Junius Kim, engineering project manager at GatesAir, will give a presentation entitled "Interoperability of FM Composite Multiplex Signals in an IP Based STL" at the upcoming 2017 Broadcast Engineering and Information Technology Conference, to be held the day prior to the opening of the NAB Show exhibit hall at the Las Vegas Convention Center.
The presentation is described online as: “The availability of high-bandwidth IP paths has facilitated numerous options for STL consideration. Transporting FM MPX over IP is a viable method but there are tradeoffs and benefits. Plus, many engineers want to look at STL topology in terms of how existing analog gear should, shouldn’t or even can be used. This paper will present ideas for using legacy gear and current technology for FM MPX over IP.”
Junius was kind enough to take a few moments to answer some questions about the presentation via email.
Doug Irwin: Can you tell us some of the tradeoffs and benefits of sending FM MPX over IP?
Junius Kim: The emergence of inexpensive, high data rate, and ubiquitous IP networking is an enabler for the transport of an FM MPX signal from the studio to the transmitter link. Typically in the past, only the main stereo audio and possibly other FM baseband information such as RDS data and SCA audio would have been sent over a STL due to network data rate limitations. Now, with high data rate IP connections, the MPX signal itself, which can have a bandwidth of up to 100 kHz, can now be directly sent over the STL. The MPX signal if sampled at a rate greater than Nyquist rate along with a sample word size to support high dynamic range — 16 bits or more — can have a data rate over 3.4 Mbps. Compare this to FM stereo audio with 32 kHz sampling and 16-bit word size which has a data rate of 1 Mbps. Also keep in mind that when using IP the network data rate will be significantly greater than the payload data rate due to overhead from packetization and possibly other things like forward error correction to protect against packet loss.
With FM MPX transport we can “tailor” the transport parameters to support the customer requirements. For example, if only FM main audio plus RDS is needed, then the sampling rate can be reduced since only 60 kHz of MPX bandwidth needs to be supported. This can decrease the payload data rate from 3.4 Mbps to 2.1 Mbps.
So MPX transport does result in greater network data rates over an STL vs. FM baseband component transport. This can be mitigated to some extent by being able to “tune” the sampling parameters to match the customer requirements. The advantage of MPX transport is the stereo generation process and RDS encoding can be done once, be located at the studio, and can distributed out to many transmit sites resulting in equipment cost savings.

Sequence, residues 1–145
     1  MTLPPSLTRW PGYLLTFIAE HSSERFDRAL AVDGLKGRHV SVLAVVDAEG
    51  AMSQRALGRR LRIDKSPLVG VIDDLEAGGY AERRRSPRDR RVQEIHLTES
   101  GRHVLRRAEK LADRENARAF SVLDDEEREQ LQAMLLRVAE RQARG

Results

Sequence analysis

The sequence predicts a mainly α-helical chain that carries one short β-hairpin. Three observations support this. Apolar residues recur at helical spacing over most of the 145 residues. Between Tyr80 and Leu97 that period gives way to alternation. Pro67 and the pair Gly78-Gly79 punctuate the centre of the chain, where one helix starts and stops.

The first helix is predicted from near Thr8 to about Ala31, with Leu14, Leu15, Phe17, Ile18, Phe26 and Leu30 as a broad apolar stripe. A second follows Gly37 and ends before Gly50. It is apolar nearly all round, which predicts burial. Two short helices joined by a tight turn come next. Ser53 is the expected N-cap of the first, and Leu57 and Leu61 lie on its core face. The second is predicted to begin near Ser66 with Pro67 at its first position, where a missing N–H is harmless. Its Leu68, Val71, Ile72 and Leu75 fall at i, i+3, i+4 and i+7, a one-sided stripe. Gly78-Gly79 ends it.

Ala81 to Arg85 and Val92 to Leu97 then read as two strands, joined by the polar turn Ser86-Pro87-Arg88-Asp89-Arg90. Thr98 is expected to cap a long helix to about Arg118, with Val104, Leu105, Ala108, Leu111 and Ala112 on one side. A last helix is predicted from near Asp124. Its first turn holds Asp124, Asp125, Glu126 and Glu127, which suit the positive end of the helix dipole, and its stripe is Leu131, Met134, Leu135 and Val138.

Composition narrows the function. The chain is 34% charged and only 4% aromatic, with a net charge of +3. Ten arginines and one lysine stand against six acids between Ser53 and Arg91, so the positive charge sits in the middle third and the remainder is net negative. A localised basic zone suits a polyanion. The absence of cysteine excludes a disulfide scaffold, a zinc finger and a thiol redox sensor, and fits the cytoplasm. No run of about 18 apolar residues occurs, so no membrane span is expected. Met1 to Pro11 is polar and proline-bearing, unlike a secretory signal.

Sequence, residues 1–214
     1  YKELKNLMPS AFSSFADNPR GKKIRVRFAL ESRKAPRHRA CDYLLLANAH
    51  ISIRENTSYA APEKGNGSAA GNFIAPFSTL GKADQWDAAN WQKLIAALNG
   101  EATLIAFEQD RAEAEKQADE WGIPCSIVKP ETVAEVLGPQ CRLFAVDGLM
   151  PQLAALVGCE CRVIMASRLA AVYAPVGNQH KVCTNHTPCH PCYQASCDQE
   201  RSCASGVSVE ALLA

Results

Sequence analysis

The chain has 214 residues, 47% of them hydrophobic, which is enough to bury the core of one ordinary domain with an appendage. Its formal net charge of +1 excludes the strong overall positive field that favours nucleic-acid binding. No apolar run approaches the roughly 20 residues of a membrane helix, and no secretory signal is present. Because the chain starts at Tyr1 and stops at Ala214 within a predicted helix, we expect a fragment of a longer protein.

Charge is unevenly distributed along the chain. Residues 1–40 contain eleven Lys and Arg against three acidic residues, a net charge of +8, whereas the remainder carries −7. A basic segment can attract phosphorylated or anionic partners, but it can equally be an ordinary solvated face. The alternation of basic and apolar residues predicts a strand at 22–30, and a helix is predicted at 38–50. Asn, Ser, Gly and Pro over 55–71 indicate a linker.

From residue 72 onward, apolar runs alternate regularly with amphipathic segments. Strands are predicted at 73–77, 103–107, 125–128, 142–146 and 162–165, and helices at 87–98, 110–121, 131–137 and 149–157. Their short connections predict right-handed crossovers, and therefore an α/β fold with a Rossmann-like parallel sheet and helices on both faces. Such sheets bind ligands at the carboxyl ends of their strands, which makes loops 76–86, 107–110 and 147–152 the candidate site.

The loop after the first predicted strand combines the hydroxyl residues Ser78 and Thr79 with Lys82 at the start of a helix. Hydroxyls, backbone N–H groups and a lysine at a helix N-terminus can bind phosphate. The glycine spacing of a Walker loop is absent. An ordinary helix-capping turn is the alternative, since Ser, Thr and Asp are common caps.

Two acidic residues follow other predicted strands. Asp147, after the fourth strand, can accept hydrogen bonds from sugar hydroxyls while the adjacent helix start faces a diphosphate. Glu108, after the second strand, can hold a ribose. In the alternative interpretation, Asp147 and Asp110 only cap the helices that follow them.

We’ve been discussing MPX transport in terms of an analog/digital conversion process however digital MPX or MPX over AES/EBU is being seen on more and more FM processing equipment from multiple vendors. MPX over AES/EBU is a direct digital equipment interconnection between FM audio processors and FM exciters using the AES/EBU standard at 192 kHz sampling. This eliminates any degradation of the audio due to analog processing and noise. The one channel of an AES/EBU signal at 192 kHz has a data rate of about 6 Mbps. When transporting this signal over a WAN, this data rate can be reduced since it’s only necessary to transport the 24-bit sample word across the STL. Other AES/EBU data such as parity, synchronization, and metadata can be regenerated at transmitter site to save network bandwidth. One channel of 192 kHz, 24-bit word, has a data rate of 4.6 Mbps.
Irwin: Can you give us perhaps an idea or two for the use of legacy gear with FM MPX over IP?
Kim: Analog MPX is compatible with most existing FM plant infrastructure while digital MPX is a relatively new operating standard first introduced in 2013 and possibly requiring acquisition of compatible equipment. For interoperability between the two, the MPX signal can be bridged from analog to digital or from digital to analog. This is useful when interoperating between older FM equipment not supporting digital MPX and newer FM equipment which does. For example, an older FM stereo generator at the studio can interoperate with a new FM exciter through a MPX bridging device. Conversely, a new FM stereo generator can interoperate with an old FM exciter through a MPX bridge. This hybridized bridging device sits between digital and analog domains of operation. The bridging can be a device between co-located FM equipment or the bridging function can span an STL when it is integrated into a MPX codec.
Interoperability of FM Composite Multiplex Signals in an IP Based STL will be presented on April 23, at 11:30 a.m., at LVCC N256.